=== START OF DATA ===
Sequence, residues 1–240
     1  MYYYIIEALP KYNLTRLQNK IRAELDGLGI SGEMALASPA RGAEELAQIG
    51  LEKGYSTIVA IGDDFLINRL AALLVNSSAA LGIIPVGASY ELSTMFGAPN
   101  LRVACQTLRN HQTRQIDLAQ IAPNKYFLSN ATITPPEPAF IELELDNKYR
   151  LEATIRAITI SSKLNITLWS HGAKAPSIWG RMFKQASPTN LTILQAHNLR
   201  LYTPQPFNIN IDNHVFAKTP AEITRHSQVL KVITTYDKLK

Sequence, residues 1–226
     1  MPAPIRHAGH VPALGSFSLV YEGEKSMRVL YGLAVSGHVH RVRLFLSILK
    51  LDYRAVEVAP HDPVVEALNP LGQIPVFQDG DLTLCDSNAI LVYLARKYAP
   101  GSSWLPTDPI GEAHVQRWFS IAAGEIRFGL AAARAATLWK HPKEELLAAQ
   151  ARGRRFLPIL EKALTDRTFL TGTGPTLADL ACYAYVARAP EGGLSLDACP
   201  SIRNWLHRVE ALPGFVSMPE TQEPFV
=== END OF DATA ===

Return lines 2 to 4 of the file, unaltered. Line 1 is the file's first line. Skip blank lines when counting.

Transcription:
     1  MYYYIIEALP KYNLTRLQNK IRAELDGLGI SGEMALASPA RGAEELAQIG
    51  LEKGYSTIVA IGDDFLINRL AALLVNSSAA LGIIPVGASY ELSTMFGAPN
   101  LRVACQTLRN HQTRQIDLAQ IAPNKYFLSN ATITPPEPAF IELELDNKYR